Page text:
December 10, 2012
Like Grapefruit? Watch for Drug Interactions
Ever had a jaw dropping moment? I did and now I know why I am not eating grapefruit or drinking grapefruit juice any longer. I did not realize this and was having some problems with a statin. My wife found something in her drug guide saying not to drink grapefruit juice if taking this drug. Now it is in WebMD (Medscape reprint), and I thank them for that. This topic was also a MedicalNews Today article in May 2006, and even then doctors were saying it was not news. I wish this would get more publicity, but the media does not think it is important enough or will generate enough interest. For anyone taking statins, this is important!
The article clearly states the problem with grapefruit, which contains furanocoumarins, (furanocoumarins are a class of organic chemical compounds produced by a variety of plants) is creating potentially fatal side effects in many drugs. The number of drugs being affected has in the last four years has risen from 17 drugs, and now stands at more than 85 drugs that may be affected by grapefruit. Seville oranges (often used in marmalade), limes, and pomelos also contain the active ingredients (furanocoumarins), but have not been as widely studied.
“The list includes some statins that lower cholesterol (such as atorvastatin, lovastatin, and simvastatin), some antibiotics, cancer drugs, and heart drugs. Most at risk are older people who use more prescriptions and buy more grapefruit.” The gist of the situation is the grapefruit, which contains furanocoumarins, blocks an enzyme that normally breaks down certain medications in the body. When this happens, medication levels in the body can become toxic. This is not presently on the FDA's list of things to watch for, but should be.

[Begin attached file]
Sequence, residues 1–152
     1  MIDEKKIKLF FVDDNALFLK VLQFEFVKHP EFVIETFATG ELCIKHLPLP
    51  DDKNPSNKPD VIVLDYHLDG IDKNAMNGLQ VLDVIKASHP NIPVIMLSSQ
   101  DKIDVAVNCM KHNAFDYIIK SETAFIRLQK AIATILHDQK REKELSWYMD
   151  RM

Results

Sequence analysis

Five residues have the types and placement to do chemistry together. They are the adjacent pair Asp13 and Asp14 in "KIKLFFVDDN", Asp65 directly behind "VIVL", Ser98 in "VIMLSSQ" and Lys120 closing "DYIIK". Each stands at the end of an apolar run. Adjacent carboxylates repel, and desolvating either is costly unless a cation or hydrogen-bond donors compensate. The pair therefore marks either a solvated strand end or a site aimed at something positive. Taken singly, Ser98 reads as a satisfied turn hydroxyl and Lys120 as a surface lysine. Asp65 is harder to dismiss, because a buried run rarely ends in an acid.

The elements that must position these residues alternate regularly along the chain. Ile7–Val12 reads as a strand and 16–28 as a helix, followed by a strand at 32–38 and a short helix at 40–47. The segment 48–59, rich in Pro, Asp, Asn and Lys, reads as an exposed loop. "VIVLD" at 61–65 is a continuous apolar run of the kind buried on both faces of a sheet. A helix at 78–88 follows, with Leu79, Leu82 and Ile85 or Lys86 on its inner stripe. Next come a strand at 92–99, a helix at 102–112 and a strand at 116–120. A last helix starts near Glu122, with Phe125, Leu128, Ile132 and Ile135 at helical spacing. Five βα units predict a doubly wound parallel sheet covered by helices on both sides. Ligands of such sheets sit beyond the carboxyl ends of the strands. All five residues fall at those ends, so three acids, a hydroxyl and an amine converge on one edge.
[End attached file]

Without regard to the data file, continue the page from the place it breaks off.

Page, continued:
Grapefruit interacts with drugs taken orally and one 7-ounce glass of grapefruit juice used once a day for three days can affect simvastatin and makes it a 330% concentration greater than taking simvastatin with water. It does not matter if the grapefruit is taken with simvastatin or hours before you take it. This may cause muscle damage called rhabdomyolysis, which can be life threatening. Rhabdomyolysis is an acute, fulminant, potentially fatal disease that destroys skeletal muscle and is often accompanied by the excretion of myoglobin in the urine.
In addition to statins, grapefruit may interact with some antibiotics, cancer drugs, heart drugs and hormonal drugs. Many can interact and have more of a potential deadly effect if taken in close proximity to drinking grapefruit juice. Therefore, if you are taking any of the above types of drugs, remember to talk with your physician or your pharmacist to know if you need to avoid eating grapefruit or drinking grapefruit juice. Remember that the other fruits mentioned above may also need to be avoided.
This is a reminder that not all of an entire drug class may interact with grapefruit products, so be sure for your health, that you talk to your physician to possibly substitute a related drug that will not interact with your favorite fruit. Never stop taking a prescription drug unless you have talked to your doctor first. He/she may feel it is better for you not to use grapefruit than switch you to a grapefruit-friendly drug.
Grapefruit is a great aid to most diets, but always double check with you doctor or pharmacist to avoid problems of grapefruit having a dangerous interaction with the drug you are taking. A good rule is “better safe than sorry.”